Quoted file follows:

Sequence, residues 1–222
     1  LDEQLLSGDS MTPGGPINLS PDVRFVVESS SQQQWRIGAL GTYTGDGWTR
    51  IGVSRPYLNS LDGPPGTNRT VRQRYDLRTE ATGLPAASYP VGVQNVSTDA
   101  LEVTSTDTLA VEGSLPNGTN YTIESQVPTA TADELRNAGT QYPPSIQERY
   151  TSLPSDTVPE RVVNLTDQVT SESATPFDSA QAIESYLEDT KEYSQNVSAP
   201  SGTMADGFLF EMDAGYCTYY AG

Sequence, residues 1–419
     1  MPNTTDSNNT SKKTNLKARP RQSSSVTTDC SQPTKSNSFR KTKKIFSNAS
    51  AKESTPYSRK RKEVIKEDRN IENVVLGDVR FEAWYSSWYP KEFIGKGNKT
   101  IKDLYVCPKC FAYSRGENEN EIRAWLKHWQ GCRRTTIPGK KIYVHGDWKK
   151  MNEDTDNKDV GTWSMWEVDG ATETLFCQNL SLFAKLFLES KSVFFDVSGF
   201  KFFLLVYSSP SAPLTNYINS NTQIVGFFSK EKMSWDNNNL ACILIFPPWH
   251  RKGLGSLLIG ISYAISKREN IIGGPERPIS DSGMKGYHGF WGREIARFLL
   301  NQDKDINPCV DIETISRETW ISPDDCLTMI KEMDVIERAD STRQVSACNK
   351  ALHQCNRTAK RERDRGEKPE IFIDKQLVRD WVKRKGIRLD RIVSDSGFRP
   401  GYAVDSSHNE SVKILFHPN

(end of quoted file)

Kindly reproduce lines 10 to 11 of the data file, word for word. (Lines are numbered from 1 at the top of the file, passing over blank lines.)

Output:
   101  IKDLYVCPKC FAYSRGENEN EIRAWLKHWQ GCRRTTIPGK KIYVHGDWKK
   151  MNEDTDNKDV GTWSMWEVDG ATETLFCQNL SLFAKLFLES KSVFFDVSGF